Sonidam Yelhsa (or, How We Always Seem To Get It Backwards)

What a great premise — free to do what you want to do, serving personal pleasures, without notable consequences, and all with a few clicks on the ‘ole mouse. It’s a great day indeed, forging ahead into amazing opportunities. Pleasure without restraints. No need to defer gratification and actually work through your problems. Everything you want is there for the taking. It’s just… well, who are we kidding — what a load of horse crap.

A dating service geared toward adulteress affairs seems to be the hit thing. Married men and women looking for a good time — outside the marriage contract. Cheat and no one will know it, after all, “Life is short. Have an affair”. But how short is this life? Might be shorter than you think if you get caught.

So what is the goal during our 70 some odd years on the earth? Is it to find “pleasure”? Is it to satisfy our whims through a blatant disregard of others? Are we destined to self-gratify and express our “freedom” any way we choose? Well, is our desire for the forbidden fruit worth losing what we claim to cherish? What if the cheater wasn’t you — but your spouse?

Forethought: the cornerstone of good choices might be your saving grace. But why is it that our society has opted for choices outside of good common sense? Why do those lust-driven, click-of-a-button, wayward sex nomads find solace in cheating? It’s simple, really (although affairs are anything but simple), they have it backwards. To escape what you have in search of something better isn’t about moving outward, but moving inward.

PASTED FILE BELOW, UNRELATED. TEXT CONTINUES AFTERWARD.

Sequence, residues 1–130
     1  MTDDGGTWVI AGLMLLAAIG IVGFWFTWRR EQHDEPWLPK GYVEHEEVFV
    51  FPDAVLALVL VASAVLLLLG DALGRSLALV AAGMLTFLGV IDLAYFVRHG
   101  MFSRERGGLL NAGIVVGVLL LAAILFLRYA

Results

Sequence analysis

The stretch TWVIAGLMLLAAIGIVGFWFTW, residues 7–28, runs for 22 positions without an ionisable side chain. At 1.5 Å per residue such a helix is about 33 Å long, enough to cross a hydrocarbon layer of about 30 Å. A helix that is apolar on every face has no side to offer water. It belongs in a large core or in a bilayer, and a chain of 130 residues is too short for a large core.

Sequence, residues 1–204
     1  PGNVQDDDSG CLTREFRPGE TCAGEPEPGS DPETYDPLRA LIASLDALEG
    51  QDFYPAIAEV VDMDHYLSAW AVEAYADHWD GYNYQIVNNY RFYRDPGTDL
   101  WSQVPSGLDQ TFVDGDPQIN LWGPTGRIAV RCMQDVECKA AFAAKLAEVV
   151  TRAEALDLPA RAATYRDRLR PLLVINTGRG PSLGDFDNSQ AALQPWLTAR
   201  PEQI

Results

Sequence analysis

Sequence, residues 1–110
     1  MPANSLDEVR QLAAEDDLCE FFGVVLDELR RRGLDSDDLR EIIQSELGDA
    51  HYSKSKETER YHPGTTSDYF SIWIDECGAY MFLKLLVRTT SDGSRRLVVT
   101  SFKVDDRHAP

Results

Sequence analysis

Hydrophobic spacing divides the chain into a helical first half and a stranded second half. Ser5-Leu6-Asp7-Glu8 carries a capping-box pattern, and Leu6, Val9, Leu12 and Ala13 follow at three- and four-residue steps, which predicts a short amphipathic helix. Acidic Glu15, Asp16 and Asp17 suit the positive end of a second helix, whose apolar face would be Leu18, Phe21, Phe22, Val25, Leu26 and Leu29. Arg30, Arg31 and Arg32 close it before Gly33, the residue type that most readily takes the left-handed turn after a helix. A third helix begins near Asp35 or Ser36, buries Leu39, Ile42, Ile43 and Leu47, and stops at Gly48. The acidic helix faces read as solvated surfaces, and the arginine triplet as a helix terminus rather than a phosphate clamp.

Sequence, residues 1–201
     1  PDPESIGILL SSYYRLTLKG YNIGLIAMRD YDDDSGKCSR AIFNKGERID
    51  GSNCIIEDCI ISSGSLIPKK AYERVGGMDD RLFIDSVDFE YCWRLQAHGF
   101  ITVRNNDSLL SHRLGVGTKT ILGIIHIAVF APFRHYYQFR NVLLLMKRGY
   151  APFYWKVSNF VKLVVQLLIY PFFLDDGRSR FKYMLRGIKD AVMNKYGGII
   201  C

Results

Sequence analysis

Cheating on someone you love and have committed yourself to is a super cheap thrill that will destroy the foundation of any healthy relationship. I dare say “healthy”, as if to reference some unspoken order of the universe. It’ll destroy the relationship because it fails to nurture it. Imagine a plant that is hurting — lacks water and sunshine — and instead of caring for the plant so you don’t feel like you’ve lost your green thumb, you just go out and buy another plant, feeding and watering it instead. What would you hope to accomplish with your dying plant? Too much work? Well, so be it with the next plant, and the one after that, and so forth. Suddenly, in our “better to replace than repair” society, divorce makes sense — if by sense I mean, “Dumbest idea ever.”

Rather, let’s start thinking backwards and pretend each day is opposite day, flipping poor decisions on their head for the wayward idea that will actually make some real common sense in the end.